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Friday, 9 December 2011

String Functions in Visual Basic 6


VB has numerous built-in string functions for processing strings. Most VB string-handling functions return a string, although some return a number (such as the Len function, which returns the length of a string and functions like Instr and InstrRev, which return a character position within the string). The functions that return strings can be coded with or without the dollar sign ($) at the end, although it is more efficient to use the version with the dollar sign.
The first time I started trying to understand the VB6 string functions I was somewhat confused. This tutorial will walk you through all the different ways you can us VB to handle strings. If you are still confused feel free to post a comment and hopefully we can help get you cleared up. Also there are many other string related tutorials on this site so feel free to browse around.
Function:
Len
Description:
Returns a Long containing the length of the specified string
Syntax:
Len(string)
Where string is the string whose length (number of characters) is to be 
returned.
Example:
lngLen = Len("Visual Basic")    ' lngLen = 12


Function:
Mid$ (or Mid)
Description:
Returns a substring containing a specified number of characters from a 
string.
Syntax:
Mid$(string, start[, length])
The Mid$ function syntax has these parts:
string Required. String expression from which characters are returned.
start Required; Long. Character position in string at which the part to
 be taken begins. If start is greater than the number of characters in 
string, Mid returns a zero-length string ("").
length Optional; Long. Number of characters to return. If omitted or if 
there are fewer than length characters in the text (including the
 character at start), all characters from the start position to the end of
 the string are returned.

Example:

strSubstr = Mid$("Visual Basic", 3,       ' strSubstr = "sual"
Note: Mid$ can also be used on the left side of an assignment
 statement, where you can replace a substring within a string.
strTest = "Visual Basic"
Mid$(strTest, 3, 4) = "xxxx"

'strTest now contains "Vixxxx Basic"
In VB6, the Replace$ function was introduced, which can also be
 used to replace characters within a string.


Function:
Left$ (or Left)
Description:
Returns a substring containing a specified number of characters from
 the beginning (left side) of a string.
Syntax:
Left$(string, length)
The Left$ function syntax has these parts:
string Required. String expression from which the leftmost characters 
are returned.
length Required; Long. Numeric expression indicating how many 
characters to return. If 0, a zero-length string ("") is returned. If 
greater than or equal to the number of characters in string, the entire
string is returned.

Example:
strSubstr = Left$("Visual Basic", 3)    ' strSubstr = "Vis"

' Note that the same thing could be accomplished with Mid$:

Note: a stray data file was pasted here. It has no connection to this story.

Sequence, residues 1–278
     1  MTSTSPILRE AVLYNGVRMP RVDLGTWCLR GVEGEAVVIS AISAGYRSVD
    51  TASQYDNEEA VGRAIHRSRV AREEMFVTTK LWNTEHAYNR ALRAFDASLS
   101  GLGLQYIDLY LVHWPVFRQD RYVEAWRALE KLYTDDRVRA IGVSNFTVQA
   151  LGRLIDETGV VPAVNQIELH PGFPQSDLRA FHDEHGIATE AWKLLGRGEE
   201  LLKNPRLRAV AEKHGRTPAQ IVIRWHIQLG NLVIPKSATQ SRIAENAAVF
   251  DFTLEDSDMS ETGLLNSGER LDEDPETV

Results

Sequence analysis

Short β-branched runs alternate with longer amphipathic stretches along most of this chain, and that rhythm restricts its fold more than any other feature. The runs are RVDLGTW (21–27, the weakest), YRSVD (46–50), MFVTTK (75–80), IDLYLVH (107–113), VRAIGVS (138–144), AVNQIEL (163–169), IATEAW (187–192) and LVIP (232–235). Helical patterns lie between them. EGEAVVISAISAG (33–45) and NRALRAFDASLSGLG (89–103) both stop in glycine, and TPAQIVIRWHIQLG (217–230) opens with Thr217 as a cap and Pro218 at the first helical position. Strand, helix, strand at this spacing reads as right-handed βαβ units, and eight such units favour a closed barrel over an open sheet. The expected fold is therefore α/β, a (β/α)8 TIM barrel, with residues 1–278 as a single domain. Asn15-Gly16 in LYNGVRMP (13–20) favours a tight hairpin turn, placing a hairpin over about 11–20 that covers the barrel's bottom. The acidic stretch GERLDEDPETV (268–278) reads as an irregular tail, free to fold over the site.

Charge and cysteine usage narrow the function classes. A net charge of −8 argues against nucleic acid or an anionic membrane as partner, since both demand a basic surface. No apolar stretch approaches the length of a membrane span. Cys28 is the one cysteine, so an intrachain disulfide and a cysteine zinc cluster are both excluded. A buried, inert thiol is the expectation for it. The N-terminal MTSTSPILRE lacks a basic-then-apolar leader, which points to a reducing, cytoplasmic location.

strSubstr = Mid$("Visual Basic", 1, 3)


Function:
Right$ (or Right)
Description:
Returns a substring containing a specified number of characters from
 the end (right side) of a string.
Syntax:
Right$(string, length)
The Right$ function syntax has these parts:
string Required. String expression from which the rightmost 
characters are returned.
length Required; Long. Numeric expression indicating how many
 characters to return. If 0, a zero-length string ("") is returned.
If greater than or equal to the number of characters in string, the
 entire string is returned.
Example:
strSubstr = Right$("Visual Basic", 3)   ' strSubstr = "sic"

' Note that the same thing could be accomplished with Mid$:
strSubstr = Mid$("Visual Basic", 10, 3)


Function:
UCase$ (or UCase)
Description:
Converts all lowercase letters in a string to uppercase. Any existing
 uppercase letters and non-alpha characters remain unchanged.
Syntax:
UCase$(string)
Example:
strNew = UCase$("Visual Basic")     ' strNew = "VISUAL BASIC"


Function:
LCase$ (or LCase)
Description:
Converts all uppercase letters in a string to lowercase. Any existing
 lowercase letters and non-alpha characters remain unchanged.
Syntax:
LCase$(string)
Example:
strNew = LCase$("Visual Basic")     ' strNew = "visual basic"


Function:
Instr
Description:
Returns a Long specifying the position of one string within another.
The search starts either at the first character position or at the 
position specified by the start argument, and proceeds forward
 toward the end of the string (stopping when either string2 is found
 or when the end of the string1 is reached).
Syntax:
InStr([start,] string1, string2 [, compare])
The InStr function syntax has these parts:
start Optional. Numeric expression that sets the starting position
for each search. If omitted, search begins at the first character
position. The start argument is required if compare is specified.
string1 Required. String expression being searched.
string2 Required. String expression sought.
compare Optional; numeric. A value of 0 (the default) specifies
a binary (case-sensitive) search. A value of 1 specifies a
textual (case-insensitive) search.
Examples:
lngPos = Instr("Visual Basic", "a")
' lngPos = 5

lngPos = Instr(6, "Visual Basic", "a")
' lngPos = 9       (starting at position 6)

lngPos = Instr("Visual Basic", "A")
' lngPos = 0       (case-sensitive search)

lngPos = Instr(1, "Visual Basic", "A", 1)
' lngPos = 5       (case-insensitive search)


Function: